To provide you with a better understanding of periodontics, we have provided the following multimedia presentation. Many common questions pertaining to periodontics are discussed.
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Periodontal diseases are infections of the gums, which gradually destroy the support of your natural teeth. There are numerous disease entities requiring different treatment approaches.
Dental plaque (a sticky, colorless bacterial film that constantly forms on your teeth) is the primary cause of gum disease. Daily brushing and flossing will prevent many periodontal conditions. However, highly susceptible individuals or people with established disease require professional intervention. Bacteria found in plaque produces toxins or poisons that irritate the gums, which may cause them to turn red, swell and bleed easily. If this irritation is prolonged, the gums separate from the teeth, causing pockets (spaces) to form.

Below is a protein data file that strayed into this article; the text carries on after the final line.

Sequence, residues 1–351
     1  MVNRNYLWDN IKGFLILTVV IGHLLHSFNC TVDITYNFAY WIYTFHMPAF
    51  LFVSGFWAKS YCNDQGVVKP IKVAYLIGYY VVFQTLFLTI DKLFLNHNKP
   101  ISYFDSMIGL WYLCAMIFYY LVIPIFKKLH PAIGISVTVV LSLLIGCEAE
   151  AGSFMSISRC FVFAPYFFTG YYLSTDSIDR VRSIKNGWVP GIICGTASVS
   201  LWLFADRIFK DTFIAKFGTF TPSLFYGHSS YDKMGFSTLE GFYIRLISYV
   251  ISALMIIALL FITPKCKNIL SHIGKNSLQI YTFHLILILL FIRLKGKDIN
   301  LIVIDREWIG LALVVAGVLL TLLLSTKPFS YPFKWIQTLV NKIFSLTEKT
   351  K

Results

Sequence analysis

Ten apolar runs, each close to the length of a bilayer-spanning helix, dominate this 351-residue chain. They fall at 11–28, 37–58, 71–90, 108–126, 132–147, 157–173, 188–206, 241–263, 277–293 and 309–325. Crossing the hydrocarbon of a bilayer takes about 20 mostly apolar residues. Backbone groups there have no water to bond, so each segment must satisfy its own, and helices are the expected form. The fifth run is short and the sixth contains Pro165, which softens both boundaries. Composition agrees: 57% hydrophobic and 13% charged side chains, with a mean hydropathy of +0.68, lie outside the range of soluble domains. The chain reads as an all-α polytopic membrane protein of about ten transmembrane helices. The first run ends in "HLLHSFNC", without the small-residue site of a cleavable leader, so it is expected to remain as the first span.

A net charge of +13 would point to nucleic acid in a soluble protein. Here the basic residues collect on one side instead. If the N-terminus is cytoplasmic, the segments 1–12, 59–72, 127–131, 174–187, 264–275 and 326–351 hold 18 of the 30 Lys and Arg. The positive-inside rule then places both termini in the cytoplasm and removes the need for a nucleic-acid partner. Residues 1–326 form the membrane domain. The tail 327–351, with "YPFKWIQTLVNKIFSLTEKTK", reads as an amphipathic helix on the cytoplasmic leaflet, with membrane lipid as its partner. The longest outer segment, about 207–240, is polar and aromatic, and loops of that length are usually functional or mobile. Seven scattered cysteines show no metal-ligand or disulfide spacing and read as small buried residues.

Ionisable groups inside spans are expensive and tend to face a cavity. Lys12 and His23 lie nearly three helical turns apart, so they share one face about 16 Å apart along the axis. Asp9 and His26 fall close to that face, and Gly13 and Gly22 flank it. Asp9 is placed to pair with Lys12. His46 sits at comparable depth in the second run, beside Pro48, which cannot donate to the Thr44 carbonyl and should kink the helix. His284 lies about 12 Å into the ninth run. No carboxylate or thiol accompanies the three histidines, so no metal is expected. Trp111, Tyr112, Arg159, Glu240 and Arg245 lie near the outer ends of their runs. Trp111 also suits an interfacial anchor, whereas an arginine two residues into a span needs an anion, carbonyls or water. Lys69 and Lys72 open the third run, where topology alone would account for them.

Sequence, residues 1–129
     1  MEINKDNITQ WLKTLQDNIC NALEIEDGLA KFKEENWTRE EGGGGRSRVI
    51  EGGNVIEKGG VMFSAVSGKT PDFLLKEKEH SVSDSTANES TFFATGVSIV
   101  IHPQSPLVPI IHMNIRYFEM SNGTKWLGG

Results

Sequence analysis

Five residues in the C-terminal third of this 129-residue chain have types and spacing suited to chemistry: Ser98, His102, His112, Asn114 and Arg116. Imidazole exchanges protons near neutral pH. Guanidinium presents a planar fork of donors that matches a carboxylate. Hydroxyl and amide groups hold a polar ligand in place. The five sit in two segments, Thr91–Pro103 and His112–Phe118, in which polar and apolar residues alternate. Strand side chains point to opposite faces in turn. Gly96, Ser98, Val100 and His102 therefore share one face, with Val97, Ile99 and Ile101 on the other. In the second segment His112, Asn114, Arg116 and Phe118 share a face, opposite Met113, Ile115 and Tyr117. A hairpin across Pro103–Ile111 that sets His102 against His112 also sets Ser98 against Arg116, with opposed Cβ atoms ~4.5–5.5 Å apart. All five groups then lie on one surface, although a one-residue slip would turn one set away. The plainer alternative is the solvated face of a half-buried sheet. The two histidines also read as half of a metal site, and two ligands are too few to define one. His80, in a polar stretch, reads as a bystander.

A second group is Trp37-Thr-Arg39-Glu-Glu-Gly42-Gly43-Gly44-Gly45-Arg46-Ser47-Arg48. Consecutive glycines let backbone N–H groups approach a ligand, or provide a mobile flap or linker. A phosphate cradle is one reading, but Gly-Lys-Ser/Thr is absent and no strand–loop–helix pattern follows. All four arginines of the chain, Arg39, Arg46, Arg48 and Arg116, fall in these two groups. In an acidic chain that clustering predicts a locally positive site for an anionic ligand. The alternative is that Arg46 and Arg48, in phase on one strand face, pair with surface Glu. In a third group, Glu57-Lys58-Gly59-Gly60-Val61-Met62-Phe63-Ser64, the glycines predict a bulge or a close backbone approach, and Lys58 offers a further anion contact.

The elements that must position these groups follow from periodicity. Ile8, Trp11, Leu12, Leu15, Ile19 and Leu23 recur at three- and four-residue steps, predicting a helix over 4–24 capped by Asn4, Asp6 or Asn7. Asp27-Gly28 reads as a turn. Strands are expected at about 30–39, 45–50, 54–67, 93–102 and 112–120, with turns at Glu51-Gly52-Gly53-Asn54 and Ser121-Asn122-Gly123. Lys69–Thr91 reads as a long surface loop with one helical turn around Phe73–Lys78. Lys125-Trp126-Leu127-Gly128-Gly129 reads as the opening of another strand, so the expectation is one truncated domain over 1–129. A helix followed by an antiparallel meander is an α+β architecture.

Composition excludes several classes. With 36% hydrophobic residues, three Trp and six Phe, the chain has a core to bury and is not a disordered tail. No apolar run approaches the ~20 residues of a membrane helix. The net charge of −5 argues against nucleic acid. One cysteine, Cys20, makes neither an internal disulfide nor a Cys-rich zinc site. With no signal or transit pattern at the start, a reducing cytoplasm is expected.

As periodontal diseases progress, the supporting gum tissue and bone that holds teeth in place deteriorate.
Pockets develop around periodontally infected teeth which harbor bacteria that are responsible for disease progression.
A healthy tooth has a pocket (sulcus) of 3mm in depth. Pockets greater than 5mm in depth are not maintainable with daily tooth brushing.
As a result, bacteria continue to accumulate and form tartar (a calcified layer of dental plaque). As pockets deepen and bacteria accumulate, periodontal disease becomes established. Unless professional treatment is performed, the likelihood of periodontal destruction is high.